After three excellent days on the south-west coast of Portugal we were rather sad to leave before setting off inland so after we had settled the bill and driven away we first of all headed north towards the smart seaside resort of Vila Nova de Milfontes where we stayed for just about an hour or so before reluctantly setting off east.
After a short while we stopped for coffee in the delightful village of Cercal where they were preparing for a festival, a tomato festival as it happened, which was to take place next weekend. The region is famous for tomatoes as it happens and this was another narrowly missed party.
Now we were in the Alentejo Region and soon we were in an Iberian wilderness with miles and miles of open countryside and barely any inhabitation. One of the poorest, least-developed, least-populated regions in Western Europe, the Alentejo has been dubbed both the Provence and the Tuscany of Portugal. Neither I would say is entirely accurate, it is more subtle and nowhere near as busy as the poster regions of Italy and France and the charms of this land are made up of wheat fields, cork oak forests, wildflower meadows and tiny white-washed villages and absolutely no ‘A’ list celebrity villas..
First we drove through endless miles of cork oak plantations, bark stripped trees with vivid orange scars and without any sign of human activity and then the cork gave way to olive groves. It is an interesting fact that olive trees only grow well in the Mediterranean region (there are some attempts to grow in the Americas and the Far East but these are not especially successful) and Portugal is one of the leading producers (Spain is the World’s largest producer with annually over five million tonnes). Interestingly (or not) I have an olive tree in my garden in England which continues to grow quite vigorously but sadly without fruit.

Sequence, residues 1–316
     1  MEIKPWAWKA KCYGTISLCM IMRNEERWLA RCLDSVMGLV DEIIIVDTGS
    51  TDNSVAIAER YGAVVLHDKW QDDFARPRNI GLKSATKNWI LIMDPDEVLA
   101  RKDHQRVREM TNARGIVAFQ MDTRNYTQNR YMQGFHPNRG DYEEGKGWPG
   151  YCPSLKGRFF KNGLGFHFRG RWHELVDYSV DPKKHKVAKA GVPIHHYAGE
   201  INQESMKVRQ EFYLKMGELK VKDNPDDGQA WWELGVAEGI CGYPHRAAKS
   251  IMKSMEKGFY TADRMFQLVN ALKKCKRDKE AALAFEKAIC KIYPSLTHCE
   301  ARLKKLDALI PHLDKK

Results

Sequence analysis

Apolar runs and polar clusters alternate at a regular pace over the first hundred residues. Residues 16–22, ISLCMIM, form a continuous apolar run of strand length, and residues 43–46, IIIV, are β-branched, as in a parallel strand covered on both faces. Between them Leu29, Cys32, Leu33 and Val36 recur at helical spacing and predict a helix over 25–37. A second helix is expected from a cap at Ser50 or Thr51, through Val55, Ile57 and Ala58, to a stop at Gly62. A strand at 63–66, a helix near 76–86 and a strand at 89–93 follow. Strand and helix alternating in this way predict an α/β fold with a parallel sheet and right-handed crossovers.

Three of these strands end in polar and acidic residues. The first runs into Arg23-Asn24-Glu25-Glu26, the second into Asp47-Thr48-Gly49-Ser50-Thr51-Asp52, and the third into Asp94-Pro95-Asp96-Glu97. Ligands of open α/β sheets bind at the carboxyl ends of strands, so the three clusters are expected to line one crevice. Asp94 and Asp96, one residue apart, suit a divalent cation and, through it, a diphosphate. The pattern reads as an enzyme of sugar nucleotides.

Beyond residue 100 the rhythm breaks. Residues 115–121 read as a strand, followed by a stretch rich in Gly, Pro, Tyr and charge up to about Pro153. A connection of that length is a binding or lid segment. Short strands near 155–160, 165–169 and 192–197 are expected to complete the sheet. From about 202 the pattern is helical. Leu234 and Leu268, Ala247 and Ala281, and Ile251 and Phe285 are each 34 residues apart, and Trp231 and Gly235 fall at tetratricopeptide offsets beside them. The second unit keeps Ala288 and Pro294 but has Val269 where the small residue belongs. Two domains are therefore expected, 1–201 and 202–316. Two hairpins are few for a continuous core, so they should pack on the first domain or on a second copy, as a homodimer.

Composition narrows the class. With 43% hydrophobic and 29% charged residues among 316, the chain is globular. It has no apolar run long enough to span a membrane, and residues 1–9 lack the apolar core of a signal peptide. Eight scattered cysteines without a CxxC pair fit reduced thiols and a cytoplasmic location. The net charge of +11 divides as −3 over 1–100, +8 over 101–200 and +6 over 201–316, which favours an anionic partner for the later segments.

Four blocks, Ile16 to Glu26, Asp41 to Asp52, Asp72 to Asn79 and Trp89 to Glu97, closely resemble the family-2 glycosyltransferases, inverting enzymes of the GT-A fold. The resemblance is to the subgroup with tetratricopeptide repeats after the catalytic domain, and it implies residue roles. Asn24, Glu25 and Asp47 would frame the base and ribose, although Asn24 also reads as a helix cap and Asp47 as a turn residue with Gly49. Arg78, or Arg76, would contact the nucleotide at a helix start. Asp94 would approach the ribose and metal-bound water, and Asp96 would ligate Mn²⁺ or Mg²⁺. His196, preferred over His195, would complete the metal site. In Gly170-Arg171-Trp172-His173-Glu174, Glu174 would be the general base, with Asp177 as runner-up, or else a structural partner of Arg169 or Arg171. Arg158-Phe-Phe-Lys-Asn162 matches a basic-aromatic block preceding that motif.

After the olives then the grapevines twisting away like Chubby Checker until giving way further east to open countryside where fields of golden stubble stretched out forever all around us as far as the eye could see until they finally met the yonder big sky. Long straight roads took us between towns and villages and for a time through the mess of marble quarries where spoil heaps decorated the countryside in an unsightly sprawl. This area of Portugal is the second largest source of marble in Europe after Carrera in Italy.
This is what it looks like inside a deep mine marble quarry. I didn’t take this picture of course…
We arrived in the city of Beja just as the siesta was beginning and doors and shutters were closing tight as we walked through deserted streets searching for our hotel we eventually came upon it and it turned out to be a delightful family run place in the middle of the busy city.
We liked it, we only had one night in Beja and we were already regretting that it wasn’t two so with only limited time to look around the place we set off immediately onto the street. In mid afternoon the temperature was rising and there was a stifling heat so we weren’t surprised to learn that Beja is statistically the hottest place in all of Portugal. Later that day someone told me that if it was 40° in Lisbon then it would be 45° in Beja. Thankfully it wasn’t quite that hot today.
Away from the modern city shopping centre Beja was a delightful place with a labyrinth of old streets with flaking wooden doors and rusting iron balconies, it is a place of classic elegance even though it perhaps gives the appearance of being slightly past its best.
The walk took us past Roman excavations and remaining parts of the medieval city walls with detours into churches and museums and an interesting art gallery but all the time we were making our way to the highest point in the city and to the tallest castle in Portugal. There were one hundred and fifty steps to climb to the top of the granite and marble tower but that didn’t bother us, last year in Bologna in Italy we climbed five hundred to the top of the Asinelli Tower and two hundred and fifty at Milan Cathedral. It was a climb well worth making because from the top there were massive views in all directions across the Alentejo plains.
A town like Beja is a real find, not really on the tourist trail so booking an overnight stay in a place like this can be a bit of a gamble but this one really paid out. From the castle we explored more streets as we began to look for somewhere suitable for evening meal later. We found what we were looking for close to the hotel, a simple sort of place with plastic menus and good Portuguese food so we had no hesitation in returning there later.
Kim ordered beef ribs and I had pork with clams which seems to be a popular combination in Portugal. We had walked seven miles today.
We should have stayed an extra night and spent more time in Beja but the next morning we had to leave soon after breakfast because we were driving to our next destination, the town of Estremoz.
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